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Fractionation-Dependent Radiosensitization by Molecular Targeting of Nek1.

Freund, Isabel and Hehlgans, Stephanie and Martin, Daniel and Ensminger, Michael and Fokas, Emmanouil and Rödel, Claus and Löbrich, Markus and Rödel, Franz (2020):
Fractionation-Dependent Radiosensitization by Molecular Targeting of Nek1.
In: Cells, 9 (5), pp. E1235. ISSN 2073-4409,
DOI: 10.3390/cells9051235,
[Article]

Abstract

NIMA (never-in-mitosis gene A)-related kinase 1 (Nek1) is shown to impact on different cellular pathways such as DNA repair, checkpoint activation, and apoptosis. Its role as a molecular target for radiation sensitization of malignant cells, however, remains elusive. Stably transduced doxycycline (Dox)-inducible Nek1 shRNA HeLa cervix and siRNA-transfected HCT-15 colorectal carcinoma cells were irradiated in vitro and 3D clonogenic radiation survival, residual DNA damage, cell cycle distribution, and apoptosis were analyzed. Nek1 knockdown (KD) sensitized both cell lines to ionizing radiation following a single dose irradiation and more pronounced in combination with a 6 h fractionation (3 × 2 Gy) regime. For preclinical analyses we focused on cervical cancer. Nek1 shRNA HeLa cells were grafted into NOD/SCID/IL-2Rγc-/- (NSG) mice and Nek1 KD was induced by Dox-infused drinking water resulting in a significant cytostatic effect if combined with a 6 h fractionation (3 x 2 Gy) regime. In addition, we correlated Nek1 expression in biopsies of patients with cervical cancer with histopathological parameters and clinical follow-up. Our results indicate that elevated levels of Nek1 were associated with an increased rate of local or distant failure, as well as with impaired cancer-specific and overall survival in univariate analyses and for most endpoints in multivariable analyses. Finally, findings from The Cancer Genome Atlas (TCGA) validation cohort confirmed a significant association of high Nek1 expression with a reduced disease-free survival. In conclusion, we consider Nek1 to represent a novel biomarker and potential therapeutic target for drug development in the context of optimized fractionation intervals.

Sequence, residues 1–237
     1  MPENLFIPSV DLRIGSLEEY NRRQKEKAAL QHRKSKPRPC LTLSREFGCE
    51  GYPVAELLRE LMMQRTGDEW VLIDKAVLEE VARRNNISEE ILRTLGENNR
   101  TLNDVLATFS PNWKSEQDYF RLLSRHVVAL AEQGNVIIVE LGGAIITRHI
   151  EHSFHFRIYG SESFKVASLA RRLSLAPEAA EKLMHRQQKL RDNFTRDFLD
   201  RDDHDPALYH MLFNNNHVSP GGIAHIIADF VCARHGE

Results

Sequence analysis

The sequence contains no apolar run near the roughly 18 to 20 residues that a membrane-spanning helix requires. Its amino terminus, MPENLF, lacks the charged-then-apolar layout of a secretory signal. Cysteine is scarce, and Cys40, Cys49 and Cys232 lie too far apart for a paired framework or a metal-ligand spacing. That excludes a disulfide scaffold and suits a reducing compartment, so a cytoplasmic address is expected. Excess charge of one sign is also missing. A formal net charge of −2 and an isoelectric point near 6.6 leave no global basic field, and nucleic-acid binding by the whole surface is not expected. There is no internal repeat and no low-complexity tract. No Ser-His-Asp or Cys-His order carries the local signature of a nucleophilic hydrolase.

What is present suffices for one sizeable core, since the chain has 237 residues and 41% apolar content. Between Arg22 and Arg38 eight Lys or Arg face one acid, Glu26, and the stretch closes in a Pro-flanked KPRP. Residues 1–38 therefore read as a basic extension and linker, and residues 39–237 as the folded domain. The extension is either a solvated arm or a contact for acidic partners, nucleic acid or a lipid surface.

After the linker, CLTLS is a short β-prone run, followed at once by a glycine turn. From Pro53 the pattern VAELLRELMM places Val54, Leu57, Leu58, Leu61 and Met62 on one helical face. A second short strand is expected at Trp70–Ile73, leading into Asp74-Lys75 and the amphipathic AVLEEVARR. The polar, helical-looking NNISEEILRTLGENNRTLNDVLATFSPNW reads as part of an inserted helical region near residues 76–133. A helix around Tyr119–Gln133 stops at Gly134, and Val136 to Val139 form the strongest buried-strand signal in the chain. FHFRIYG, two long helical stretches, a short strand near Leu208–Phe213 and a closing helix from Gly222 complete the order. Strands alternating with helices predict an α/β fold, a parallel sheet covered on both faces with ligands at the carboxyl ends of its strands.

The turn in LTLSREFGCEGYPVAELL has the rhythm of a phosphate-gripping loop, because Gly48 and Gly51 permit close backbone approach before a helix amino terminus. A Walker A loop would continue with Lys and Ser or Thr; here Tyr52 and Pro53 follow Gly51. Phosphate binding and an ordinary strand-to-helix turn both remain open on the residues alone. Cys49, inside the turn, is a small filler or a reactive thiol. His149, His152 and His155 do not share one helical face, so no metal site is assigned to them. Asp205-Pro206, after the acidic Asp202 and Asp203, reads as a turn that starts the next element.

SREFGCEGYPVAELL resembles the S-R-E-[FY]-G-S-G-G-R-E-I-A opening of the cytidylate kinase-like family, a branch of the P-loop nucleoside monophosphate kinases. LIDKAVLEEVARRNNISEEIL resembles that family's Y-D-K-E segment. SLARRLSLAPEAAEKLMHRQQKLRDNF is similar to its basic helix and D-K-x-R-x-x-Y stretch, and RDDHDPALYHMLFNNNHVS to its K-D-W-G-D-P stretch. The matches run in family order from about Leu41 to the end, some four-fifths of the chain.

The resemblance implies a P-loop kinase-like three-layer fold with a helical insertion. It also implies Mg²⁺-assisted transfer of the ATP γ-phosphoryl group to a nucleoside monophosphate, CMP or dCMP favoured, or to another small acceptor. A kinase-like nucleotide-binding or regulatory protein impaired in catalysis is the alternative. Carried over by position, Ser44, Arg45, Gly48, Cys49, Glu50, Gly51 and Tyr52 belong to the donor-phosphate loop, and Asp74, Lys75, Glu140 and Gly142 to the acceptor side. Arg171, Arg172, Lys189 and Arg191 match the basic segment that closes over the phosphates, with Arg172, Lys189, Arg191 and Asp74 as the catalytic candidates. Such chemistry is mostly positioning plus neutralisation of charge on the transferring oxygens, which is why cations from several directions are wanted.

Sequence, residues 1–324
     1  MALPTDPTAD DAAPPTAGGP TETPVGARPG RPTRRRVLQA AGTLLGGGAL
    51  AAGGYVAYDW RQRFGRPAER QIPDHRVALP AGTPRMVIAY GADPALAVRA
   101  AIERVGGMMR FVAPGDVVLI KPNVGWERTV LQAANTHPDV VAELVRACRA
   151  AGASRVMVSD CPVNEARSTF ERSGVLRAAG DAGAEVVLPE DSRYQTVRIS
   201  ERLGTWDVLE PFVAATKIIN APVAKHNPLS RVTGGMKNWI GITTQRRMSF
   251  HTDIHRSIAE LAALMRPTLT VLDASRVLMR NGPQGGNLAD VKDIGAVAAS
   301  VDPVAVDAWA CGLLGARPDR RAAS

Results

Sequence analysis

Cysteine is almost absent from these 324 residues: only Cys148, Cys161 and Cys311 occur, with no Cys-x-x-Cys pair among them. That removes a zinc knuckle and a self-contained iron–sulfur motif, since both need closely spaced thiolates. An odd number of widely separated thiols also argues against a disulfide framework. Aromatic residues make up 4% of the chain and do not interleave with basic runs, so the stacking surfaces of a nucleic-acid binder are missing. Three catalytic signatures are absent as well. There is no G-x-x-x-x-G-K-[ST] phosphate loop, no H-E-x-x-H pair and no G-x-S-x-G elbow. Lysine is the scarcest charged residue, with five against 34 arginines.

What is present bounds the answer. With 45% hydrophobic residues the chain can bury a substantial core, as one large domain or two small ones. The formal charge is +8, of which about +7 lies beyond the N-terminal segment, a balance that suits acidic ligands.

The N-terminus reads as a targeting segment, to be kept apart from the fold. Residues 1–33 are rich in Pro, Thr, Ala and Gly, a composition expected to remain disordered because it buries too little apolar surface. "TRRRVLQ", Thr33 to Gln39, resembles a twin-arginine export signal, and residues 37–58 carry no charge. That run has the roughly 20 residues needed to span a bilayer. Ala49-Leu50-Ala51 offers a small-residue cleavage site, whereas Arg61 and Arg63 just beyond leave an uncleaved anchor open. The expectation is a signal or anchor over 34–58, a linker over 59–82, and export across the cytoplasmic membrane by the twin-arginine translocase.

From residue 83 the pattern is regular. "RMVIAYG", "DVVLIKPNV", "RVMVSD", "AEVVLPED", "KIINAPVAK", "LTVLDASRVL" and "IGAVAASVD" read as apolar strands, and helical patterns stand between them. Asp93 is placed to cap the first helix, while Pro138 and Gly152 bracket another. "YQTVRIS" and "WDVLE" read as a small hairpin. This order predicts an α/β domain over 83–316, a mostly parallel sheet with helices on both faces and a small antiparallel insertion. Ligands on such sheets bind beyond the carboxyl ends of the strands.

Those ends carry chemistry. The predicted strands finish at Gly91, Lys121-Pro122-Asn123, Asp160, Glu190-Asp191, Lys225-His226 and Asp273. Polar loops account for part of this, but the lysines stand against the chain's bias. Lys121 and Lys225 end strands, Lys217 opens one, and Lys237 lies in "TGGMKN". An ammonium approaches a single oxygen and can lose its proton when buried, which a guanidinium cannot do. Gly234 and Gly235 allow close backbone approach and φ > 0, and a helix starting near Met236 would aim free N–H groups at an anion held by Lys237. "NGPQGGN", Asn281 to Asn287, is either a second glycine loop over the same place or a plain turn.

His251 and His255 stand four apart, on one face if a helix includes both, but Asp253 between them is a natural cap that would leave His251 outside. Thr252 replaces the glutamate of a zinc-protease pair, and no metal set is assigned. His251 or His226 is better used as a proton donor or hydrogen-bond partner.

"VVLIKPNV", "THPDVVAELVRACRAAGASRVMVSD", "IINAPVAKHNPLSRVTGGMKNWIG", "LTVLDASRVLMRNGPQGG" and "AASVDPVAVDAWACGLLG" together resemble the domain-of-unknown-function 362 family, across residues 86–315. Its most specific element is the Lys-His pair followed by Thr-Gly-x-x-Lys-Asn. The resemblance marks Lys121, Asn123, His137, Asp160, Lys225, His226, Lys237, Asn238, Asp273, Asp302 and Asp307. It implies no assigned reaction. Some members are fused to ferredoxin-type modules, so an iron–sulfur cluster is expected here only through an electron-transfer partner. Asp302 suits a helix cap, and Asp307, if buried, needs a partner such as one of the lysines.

Item Type: Article
Erschienen: 2020
Creators: Freund, Isabel and Hehlgans, Stephanie and Martin, Daniel and Ensminger, Michael and Fokas, Emmanouil and Rödel, Claus and Löbrich, Markus and Rödel, Franz
Title: Fractionation-Dependent Radiosensitization by Molecular Targeting of Nek1.
Language: English
Abstract:

NIMA (never-in-mitosis gene A)-related kinase 1 (Nek1) is shown to impact on different cellular pathways such as DNA repair, checkpoint activation, and apoptosis. Its role as a molecular target for radiation sensitization of malignant cells, however, remains elusive. Stably transduced doxycycline (Dox)-inducible Nek1 shRNA HeLa cervix and siRNA-transfected HCT-15 colorectal carcinoma cells were irradiated in vitro and 3D clonogenic radiation survival, residual DNA damage, cell cycle distribution, and apoptosis were analyzed. Nek1 knockdown (KD) sensitized both cell lines to ionizing radiation following a single dose irradiation and more pronounced in combination with a 6 h fractionation (3 × 2 Gy) regime. For preclinical analyses we focused on cervical cancer. Nek1 shRNA HeLa cells were grafted into NOD/SCID/IL-2Rγc-/- (NSG) mice and Nek1 KD was induced by Dox-infused drinking water resulting in a significant cytostatic effect if combined with a 6 h fractionation (3 x 2 Gy) regime. In addition, we correlated Nek1 expression in biopsies of patients with cervical cancer with histopathological parameters and clinical follow-up. Our results indicate that elevated levels of Nek1 were associated with an increased rate of local or distant failure, as well as with impaired cancer-specific and overall survival in univariate analyses and for most endpoints in multivariable analyses. Finally, findings from The Cancer Genome Atlas (TCGA) validation cohort confirmed a significant association of high Nek1 expression with a reduced disease-free survival. In conclusion, we consider Nek1 to represent a novel biomarker and potential therapeutic target for drug development in the context of optimized fractionation intervals.

Journal or Publication Title: Cells
Journal volume: 9
Number: 5
Divisions: 10 Department of Biology
10 Department of Biology > Radiation Biology and DNA Repair
Date Deposited: 25 May 2020 11:22
DOI: 10.3390/cells9051235
Identification Number: pmid:32429458
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